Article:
I heard nothing. There were days, then weeks, and then a month passed. And in all of that time, I hadn’t heard anything about an appointment with a new nurse practitioner/psychiatrist. A half-filled prescription bottle of Prozac sat on my table, unopened since that last meeting with the Cat Lady. I could have easily picked up the telephone to call, but the recent experience of “don’t call if you don’t want to be here” just echoed in my mind. I did not want to be there, but I most certainly should have been there.
All I hear now are two Californians, complete strangers before hand and now friends, talking and sharing their individual passions. We’re standing in some semblance of a long line, curving around the terminal hall, as we wait for our turn to check in to our flight to Reykjavik.
There is a memory from last year that stands out amidst it all in my time in New York– the no-context statement by the Cat Lady. “Koreans smile when they’re angry,” she said. Smiling was simply politeness on my part; nothing cultural or ethnic. Her “save,” in light of my confused expression, was something along the lines of “I know that you’re not Korean, I was just making an observation.” That moment clings to me most because it best concluded and surmised our relationship.
There is no particular memory here. No particular anecdote seems worth noting in my memory. Perhaps something interesting is when I was helping a friend with her overweight luggage fees, since the airline booth only took cards with a chip, and I hadn’t cancelled my HSBC account yet. It is more likely that I only find this to be pertinent now that I am in line worrying that my suitcases are grossly overweight.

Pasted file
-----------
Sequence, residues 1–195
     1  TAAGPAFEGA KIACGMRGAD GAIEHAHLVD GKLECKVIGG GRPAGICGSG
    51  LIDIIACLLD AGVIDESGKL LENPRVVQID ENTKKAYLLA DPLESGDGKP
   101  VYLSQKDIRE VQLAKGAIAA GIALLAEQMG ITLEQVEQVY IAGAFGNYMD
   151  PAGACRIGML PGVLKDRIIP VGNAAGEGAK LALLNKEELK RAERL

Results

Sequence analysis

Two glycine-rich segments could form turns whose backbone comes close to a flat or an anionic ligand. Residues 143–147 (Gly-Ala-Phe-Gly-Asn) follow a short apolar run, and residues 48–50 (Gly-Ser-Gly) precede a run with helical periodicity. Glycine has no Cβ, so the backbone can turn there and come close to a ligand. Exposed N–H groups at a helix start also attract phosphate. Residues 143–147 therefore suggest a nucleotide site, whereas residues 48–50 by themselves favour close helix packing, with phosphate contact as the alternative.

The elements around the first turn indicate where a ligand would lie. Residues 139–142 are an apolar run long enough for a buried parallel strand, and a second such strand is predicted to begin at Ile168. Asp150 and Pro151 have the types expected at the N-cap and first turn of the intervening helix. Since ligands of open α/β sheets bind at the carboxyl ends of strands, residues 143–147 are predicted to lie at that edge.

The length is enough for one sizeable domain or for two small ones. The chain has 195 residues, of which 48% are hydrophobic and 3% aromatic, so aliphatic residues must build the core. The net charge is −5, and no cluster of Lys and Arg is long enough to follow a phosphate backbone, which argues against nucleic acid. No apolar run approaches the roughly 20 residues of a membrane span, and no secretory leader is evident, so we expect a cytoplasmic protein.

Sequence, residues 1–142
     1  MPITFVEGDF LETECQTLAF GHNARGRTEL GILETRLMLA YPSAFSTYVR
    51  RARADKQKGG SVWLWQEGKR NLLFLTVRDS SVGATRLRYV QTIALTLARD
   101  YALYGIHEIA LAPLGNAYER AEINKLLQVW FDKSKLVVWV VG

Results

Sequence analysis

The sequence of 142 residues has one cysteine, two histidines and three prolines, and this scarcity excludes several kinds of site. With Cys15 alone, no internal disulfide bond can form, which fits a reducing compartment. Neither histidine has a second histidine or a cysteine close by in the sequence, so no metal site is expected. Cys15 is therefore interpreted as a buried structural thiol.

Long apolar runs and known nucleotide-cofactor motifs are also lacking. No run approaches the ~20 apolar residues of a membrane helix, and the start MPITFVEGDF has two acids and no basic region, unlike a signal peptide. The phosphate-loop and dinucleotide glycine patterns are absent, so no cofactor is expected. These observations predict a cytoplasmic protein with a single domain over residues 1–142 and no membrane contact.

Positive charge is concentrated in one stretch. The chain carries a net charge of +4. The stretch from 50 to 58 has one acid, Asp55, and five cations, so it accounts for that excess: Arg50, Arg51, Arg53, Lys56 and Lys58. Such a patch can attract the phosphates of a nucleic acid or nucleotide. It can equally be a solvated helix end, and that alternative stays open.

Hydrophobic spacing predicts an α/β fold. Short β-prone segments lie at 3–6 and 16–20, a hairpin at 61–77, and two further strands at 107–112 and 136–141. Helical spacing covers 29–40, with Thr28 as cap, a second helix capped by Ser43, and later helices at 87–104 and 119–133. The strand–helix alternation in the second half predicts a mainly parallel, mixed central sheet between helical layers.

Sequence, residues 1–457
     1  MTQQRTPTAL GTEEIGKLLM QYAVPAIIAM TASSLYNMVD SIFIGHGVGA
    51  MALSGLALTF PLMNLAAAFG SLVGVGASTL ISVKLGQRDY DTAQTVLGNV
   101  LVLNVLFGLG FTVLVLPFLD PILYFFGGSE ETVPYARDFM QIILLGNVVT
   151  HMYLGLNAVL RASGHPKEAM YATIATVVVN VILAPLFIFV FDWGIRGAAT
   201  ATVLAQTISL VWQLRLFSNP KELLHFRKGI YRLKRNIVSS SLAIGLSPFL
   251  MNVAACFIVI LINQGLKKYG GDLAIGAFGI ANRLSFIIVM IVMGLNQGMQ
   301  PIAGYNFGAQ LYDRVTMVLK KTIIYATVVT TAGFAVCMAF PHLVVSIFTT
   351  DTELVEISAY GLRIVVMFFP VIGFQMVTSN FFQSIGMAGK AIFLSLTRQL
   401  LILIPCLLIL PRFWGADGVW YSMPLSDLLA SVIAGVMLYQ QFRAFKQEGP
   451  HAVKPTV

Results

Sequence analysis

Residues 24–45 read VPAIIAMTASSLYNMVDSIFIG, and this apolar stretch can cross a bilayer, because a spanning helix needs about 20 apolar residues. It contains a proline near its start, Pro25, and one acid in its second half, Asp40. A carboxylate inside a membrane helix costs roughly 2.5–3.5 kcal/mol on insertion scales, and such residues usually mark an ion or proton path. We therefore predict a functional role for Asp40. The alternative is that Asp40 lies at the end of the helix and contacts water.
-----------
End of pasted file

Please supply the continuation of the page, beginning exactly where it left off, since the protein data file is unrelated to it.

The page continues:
Someone had to write to the Head Honcho for me, so as to address the dropped line of communication between the Cat Lady and everyone else. I eventually got an appointment with someone more competent, the Outsider (the name is more associative with the location of the office, as opposed to a social thing), and I was prescribed Trazedone to sleep; it didn’t work very well. That nurse practitioner soon left for vacation (NPs, or at least with NYU, work only ten months per year), and I was passed on to work with the Psychiatrist, who prescribed me Celexa.
I nudge my suitcases with my knees and continue typing on the laptop. This is probably the best place finish what I wanted to say about my student health fun in New York. There seems to be some kind of solace in writing all of this, as though in recanting all of what has happened, I am able to better distinguish what really had transgressed.
In Paris, I spent two sessions a week with the Shrink throughout the two semesters in an attempt to work through it all. I wasn’t necessarily direct in what I said, but in conjunction with this, I was able to let go of what had infuriated me a little.
Now I sit here in the lounge, waiting. I’m not so much living in both only past and present at this particular moment, but rather living in the current and just accepting of what has happened.
Image courtesy of flickr.com (user: jeremie-gisserot)